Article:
When children have experieced abuse and abandonment in early childhood, this often becomes a 'seared in' memory and halts emotional development to the point where the trauma occurred. They may be seen to have a more 'infantile' mind. These feelings of abandonment are often furthered by demeaning words and condescending language used with the child. Each times this occurs, the child begins to look at themselves as a 'non-entity'. They experience existential death. The external conflict that children see amongst their parents becomes an internal conflict for them, the internal conflict then manifests itself externally (usually as aggression). The child becomes devoid of trust, and those who draw near often becomes the persons who this internal conflict is unleashed upon. It is not that the child is devoid of any feeling for the person seeking to connect with them, it is rather that every connection had strings attached or every connection has been severed. The child becomes anxious and afraid of loss, of even losing themselves, if they are to try again to embark on the process of building a trusting relationship. Laing (1969) stated that 'if there is anything the schizoid individual is likely to believe in, it his his own destructiveness. He is uanble to believe that he can fill his own emptiness without reducing what is there to nothing.' It will be common then for these children to question whether they deserve 'happiness' and many times question if they even 'deserve to exist'. The children who have undergone the trauma of abuse and abandonment lack an identity of their own, they appear as a construct of others and often are conformist. They do what they feel will earn them the praise of others. But in reality this is based on their own fears and their negative perceptions of themselves. These children are prone to be seen as manipulative, but this is because they are seeking to exercise control over some aspect of their lives when prior they had absolutely no control. They strive for ideals they cannot be met. Often their intense desire to control or to engage in certain activities in reality is a crying out for their real desire- to have an actual loving and trusting relationship. But these children do not know how to respond to an outpouring of love. They feel that they do not have a voice, are not heard. It is easier for them to feel hated than engulfed by love, particularly when they have seen love to be about control. They desire autonomy and feel they will lose it in the process of building a true relationship. These children may begin to also de-personalize, they may not be prepared to relate to other persons. They may be perceived as lacking empathy, however this is not that it is not there or could not be there, rather it is their fear that blocks their emotional expression of empathy.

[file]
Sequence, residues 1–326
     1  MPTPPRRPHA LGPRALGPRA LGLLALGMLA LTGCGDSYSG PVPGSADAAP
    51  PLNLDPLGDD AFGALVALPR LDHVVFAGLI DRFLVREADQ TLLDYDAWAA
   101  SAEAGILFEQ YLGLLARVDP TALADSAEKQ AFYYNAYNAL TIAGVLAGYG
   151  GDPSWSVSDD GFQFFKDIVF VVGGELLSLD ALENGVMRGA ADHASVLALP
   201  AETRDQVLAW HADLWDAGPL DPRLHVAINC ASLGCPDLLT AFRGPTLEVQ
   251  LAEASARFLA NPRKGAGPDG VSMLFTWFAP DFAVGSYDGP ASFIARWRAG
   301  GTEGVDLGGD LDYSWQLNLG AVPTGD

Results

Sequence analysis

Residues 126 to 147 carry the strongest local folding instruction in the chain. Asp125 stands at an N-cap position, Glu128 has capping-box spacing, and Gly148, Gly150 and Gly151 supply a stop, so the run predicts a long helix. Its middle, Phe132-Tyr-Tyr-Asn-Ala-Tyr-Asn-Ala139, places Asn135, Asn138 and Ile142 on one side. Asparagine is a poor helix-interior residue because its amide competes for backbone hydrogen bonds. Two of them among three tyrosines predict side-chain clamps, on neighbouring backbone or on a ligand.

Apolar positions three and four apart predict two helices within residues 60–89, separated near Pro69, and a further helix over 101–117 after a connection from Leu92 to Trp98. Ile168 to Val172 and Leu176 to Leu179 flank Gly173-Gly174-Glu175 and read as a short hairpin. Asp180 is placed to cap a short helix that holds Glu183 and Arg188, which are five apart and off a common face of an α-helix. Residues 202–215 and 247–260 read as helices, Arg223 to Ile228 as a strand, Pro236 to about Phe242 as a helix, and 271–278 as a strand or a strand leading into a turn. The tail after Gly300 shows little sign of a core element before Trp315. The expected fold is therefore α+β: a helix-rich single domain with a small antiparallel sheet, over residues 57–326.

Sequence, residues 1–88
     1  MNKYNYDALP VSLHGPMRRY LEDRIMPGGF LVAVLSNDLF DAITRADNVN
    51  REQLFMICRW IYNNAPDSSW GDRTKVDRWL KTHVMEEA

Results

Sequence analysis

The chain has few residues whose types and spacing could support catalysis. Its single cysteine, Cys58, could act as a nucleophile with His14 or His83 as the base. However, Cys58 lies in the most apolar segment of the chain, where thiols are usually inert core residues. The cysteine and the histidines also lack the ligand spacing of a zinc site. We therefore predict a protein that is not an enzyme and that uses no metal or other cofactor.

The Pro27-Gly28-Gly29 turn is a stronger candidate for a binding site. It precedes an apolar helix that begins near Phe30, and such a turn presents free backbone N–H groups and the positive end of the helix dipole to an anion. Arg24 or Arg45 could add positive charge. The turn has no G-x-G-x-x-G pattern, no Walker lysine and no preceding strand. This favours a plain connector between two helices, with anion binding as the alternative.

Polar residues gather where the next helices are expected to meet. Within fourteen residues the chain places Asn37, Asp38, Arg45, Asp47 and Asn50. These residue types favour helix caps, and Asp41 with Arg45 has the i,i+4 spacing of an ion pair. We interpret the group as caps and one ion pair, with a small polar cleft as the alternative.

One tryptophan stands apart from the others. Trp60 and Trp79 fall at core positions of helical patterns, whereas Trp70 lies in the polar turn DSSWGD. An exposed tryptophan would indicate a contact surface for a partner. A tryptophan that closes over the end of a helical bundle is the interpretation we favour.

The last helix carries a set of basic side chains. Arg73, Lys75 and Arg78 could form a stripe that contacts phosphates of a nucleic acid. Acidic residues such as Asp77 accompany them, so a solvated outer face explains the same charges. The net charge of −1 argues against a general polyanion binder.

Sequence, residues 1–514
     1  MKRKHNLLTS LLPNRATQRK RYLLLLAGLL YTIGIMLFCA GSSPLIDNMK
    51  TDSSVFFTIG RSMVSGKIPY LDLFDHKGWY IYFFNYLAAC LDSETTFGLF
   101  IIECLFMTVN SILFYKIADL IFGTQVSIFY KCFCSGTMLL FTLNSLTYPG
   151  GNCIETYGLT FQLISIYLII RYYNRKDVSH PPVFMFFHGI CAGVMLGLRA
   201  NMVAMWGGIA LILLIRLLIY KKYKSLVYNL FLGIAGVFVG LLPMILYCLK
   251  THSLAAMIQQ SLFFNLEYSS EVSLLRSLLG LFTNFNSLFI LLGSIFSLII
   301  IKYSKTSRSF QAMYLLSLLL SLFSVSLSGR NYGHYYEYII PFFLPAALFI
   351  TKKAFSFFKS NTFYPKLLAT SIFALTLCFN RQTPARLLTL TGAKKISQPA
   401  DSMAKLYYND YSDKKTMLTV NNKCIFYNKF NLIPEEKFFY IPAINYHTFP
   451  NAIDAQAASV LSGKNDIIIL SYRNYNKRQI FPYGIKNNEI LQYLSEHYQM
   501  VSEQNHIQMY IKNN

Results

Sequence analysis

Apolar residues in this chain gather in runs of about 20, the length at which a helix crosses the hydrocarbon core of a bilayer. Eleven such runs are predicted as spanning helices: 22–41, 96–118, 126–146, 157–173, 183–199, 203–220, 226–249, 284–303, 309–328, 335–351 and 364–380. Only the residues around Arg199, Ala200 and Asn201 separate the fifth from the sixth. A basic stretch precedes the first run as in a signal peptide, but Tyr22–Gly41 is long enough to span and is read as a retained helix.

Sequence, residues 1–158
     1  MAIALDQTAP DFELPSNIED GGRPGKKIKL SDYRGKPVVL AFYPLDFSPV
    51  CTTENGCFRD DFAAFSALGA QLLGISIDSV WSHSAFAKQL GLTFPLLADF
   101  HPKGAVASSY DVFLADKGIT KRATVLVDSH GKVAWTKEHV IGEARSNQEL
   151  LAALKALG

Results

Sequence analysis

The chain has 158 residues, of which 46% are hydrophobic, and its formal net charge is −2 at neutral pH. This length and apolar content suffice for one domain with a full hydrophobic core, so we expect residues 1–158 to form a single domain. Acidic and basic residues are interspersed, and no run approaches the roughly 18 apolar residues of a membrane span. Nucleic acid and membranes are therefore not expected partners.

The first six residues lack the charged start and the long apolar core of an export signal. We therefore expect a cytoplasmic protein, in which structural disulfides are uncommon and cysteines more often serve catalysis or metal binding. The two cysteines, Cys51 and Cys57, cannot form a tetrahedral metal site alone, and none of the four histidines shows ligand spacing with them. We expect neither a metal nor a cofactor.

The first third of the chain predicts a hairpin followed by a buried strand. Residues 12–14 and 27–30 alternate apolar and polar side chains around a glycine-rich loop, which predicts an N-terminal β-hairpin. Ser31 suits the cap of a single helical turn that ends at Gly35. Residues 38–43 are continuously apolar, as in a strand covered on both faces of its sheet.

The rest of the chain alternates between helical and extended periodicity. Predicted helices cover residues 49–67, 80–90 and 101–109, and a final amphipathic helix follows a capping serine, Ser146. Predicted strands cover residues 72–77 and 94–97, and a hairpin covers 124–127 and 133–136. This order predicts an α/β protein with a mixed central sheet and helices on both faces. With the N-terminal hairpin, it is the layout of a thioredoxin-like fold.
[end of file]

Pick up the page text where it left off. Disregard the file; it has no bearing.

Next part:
These children are often very hurt so they feel they must hurt others.
What do we do? How do we reach such a child? It requires a patient approach. We must allow the child to vent their frustrations. We must share our understanding that we know they are hurt. We must journey with them as they relate their experience of trauma. We do not judge them or withdraw. Even when their emotional expressions may cause us to be afraid, we continue to reach out. We need to be able to forge relationship know matter what and to help the child come to an understanding of life's impermanency, yet we can still strive for happiness now. The trauma is past and does not need to haunt us. We can encourage this child to explore their own sense of self and engage in activities that give them a positive sense of self worth apart from others. Caregivers and others need to make themselves emotionally available, to look at emotional expression as a time for intimacy and teaching. We need to be able to understand the behaviors, even that which are annoying to us, as a means of communication, and when the child is in the 'right space', to communicate with them and help them process those feelings that were behind whatever incident occurred.